Italian Fashion and Luxury


Luxury: what it is, where it comes from, from what belongs to us. Luxury are endless definitions, but what does it really mean? And what is your story?
To investigate the best way we start right from the beginning, analyzing the phenomenon from the point of view of etymology: luxury comes from the Latin “luxus”, which means “abundance of vegetation”, metaphorically understood as “abundance of delicious things.”

Before being a trade or a market, as we know it today, luxury is a culture that is part of humanity from its birth and how man has evolved over time, while maintaining the distinction of what is necessary and helpful. A good starting point to realize how luxury is deeply connected to our roots since ancient times, is represented by an action that distinguishes us from animals: the burial of the dead.

The luxury from Ancient Egypt to the present day

Tombs of kings, pharaohs, high priests and knights we find, in addition to the skeletons, objects that with the passing of history become more and more refined: the most precious jewels to the symbols of power like weapons. Among the ancient civilizations of Egypt’s testimony is certainly the most spectacular: take for instance the pyramids, tombs imposing and magnificent reserved for a very small elite. (find below and example of italian fashion and luxury)

italian fashion luxury

The luxury was associated to the Middle Ages to the concept of splendor, but with the arrival of Christianity became the symbol of lust, thus underlining the negative valence. In the Renaissance, things changed again, with the secularization of thought, the luxury became functional to the enhancement of power, thanks to monarchs like Louis XIV – the famous Sun King – and began to be seen as a profane value without any social condemnation.

In the seventeenth century the changes were “drastic”, because luxury was matched to a way of life with a greater chance of spending but rather sober and attentive to detail. It was in the nineteenth century began to spread the idea that luxury was something unnecessary, superfluous and supplementary to daily life. Then gradually she came paired with all that is expensive, refined and sumptuous to research emotions and personal gratification, a means to define their identity through the ostentation.

How would we be today without the luxury?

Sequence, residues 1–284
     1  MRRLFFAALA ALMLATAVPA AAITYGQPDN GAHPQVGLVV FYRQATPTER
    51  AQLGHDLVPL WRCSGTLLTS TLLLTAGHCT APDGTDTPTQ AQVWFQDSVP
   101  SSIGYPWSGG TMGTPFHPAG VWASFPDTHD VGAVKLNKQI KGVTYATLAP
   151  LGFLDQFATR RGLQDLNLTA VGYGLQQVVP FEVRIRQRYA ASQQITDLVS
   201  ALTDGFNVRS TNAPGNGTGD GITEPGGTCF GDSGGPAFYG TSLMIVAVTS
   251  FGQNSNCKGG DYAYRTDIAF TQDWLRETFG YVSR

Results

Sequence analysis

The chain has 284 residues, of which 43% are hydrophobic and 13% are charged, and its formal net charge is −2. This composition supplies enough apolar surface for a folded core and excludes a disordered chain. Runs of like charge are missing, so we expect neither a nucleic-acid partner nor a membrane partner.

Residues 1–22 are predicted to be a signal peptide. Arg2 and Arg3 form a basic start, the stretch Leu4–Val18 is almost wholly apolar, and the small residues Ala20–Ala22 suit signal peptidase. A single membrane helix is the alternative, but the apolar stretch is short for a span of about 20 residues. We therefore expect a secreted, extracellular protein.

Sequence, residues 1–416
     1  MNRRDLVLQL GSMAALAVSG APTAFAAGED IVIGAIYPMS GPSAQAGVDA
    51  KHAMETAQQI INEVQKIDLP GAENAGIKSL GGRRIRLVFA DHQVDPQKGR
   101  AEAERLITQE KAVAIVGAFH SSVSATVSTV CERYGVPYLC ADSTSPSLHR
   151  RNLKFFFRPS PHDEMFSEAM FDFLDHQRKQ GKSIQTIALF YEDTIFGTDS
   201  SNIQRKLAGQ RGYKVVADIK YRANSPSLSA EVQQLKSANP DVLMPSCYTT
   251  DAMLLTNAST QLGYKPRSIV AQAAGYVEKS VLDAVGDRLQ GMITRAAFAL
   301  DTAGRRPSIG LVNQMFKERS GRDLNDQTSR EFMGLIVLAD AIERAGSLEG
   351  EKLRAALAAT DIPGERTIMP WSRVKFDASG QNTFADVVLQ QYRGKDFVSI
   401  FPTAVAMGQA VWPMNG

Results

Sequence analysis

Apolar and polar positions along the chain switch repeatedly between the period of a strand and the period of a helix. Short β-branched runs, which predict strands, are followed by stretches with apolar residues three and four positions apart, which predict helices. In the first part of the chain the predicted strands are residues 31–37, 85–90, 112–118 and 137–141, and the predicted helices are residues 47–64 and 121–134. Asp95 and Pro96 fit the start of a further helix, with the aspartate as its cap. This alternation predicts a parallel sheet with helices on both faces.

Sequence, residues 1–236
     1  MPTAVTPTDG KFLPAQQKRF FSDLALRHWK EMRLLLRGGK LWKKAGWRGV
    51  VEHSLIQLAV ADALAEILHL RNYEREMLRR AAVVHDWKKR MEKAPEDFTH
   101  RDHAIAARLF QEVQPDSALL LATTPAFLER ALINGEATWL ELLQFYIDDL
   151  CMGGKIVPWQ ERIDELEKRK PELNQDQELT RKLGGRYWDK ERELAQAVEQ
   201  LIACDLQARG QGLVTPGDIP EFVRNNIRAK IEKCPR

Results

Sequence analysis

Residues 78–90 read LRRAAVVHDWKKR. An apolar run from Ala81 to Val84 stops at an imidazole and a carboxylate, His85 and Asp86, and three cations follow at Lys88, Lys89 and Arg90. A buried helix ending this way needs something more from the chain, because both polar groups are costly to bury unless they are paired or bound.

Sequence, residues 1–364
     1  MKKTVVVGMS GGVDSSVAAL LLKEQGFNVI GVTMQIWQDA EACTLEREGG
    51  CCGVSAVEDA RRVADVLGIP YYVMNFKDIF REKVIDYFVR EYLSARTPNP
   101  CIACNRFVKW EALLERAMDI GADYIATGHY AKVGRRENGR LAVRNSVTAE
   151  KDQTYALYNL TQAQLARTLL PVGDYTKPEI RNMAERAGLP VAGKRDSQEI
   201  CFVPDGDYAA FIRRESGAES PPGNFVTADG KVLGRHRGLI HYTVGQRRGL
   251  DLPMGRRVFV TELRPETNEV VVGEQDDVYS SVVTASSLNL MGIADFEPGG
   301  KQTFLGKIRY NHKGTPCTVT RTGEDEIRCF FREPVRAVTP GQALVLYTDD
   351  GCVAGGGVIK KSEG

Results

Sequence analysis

Thierry Paquot, French philosopher and university professor, explored the dimension of luxury in his book “In Praise of luxury – which is the usefulness of the useless”, giving us food for really enlightening reflection. For Paquot the luxury and fashion are engines of progress and the cultural transformation: if it were not for that magical vocation to have something extra – that distinguishes us from other creatures – humans probably still would eat raw meat and berries. (that’s the key role of italian fahion)

And if for centuries merchants had not run between East and West in search of silver, amber, silk, turquoise and other precious, perhaps humanity would not be characterized by the mix of colors and wonders that continue to fascinate us. (also used for italian fashion)

Also according Paquot the luxury of today it is made from the possession of rare goods combined with the care of the self, but what will guide our purchases in the coming years will also be space, time and silence (as a peace of mind).

Luxury and Made in Italy

Italy has become the home of luxury in the Renaissance, imposing across Europe styles, techniques, art and taste. At that time Venice dictated the fashion with its elegance (think for example the invention of the velvet) and together with the other maritime republics traded with Asia to Mongolia. Not to forget Florence, global stock market wool of Spain and England, and ageminate Milanese armor that made furor almost anywhere. Even Sicily was very important in that historical period by importing silk and cotton, then it’s pretty rare.

p.s. I love italian fashion

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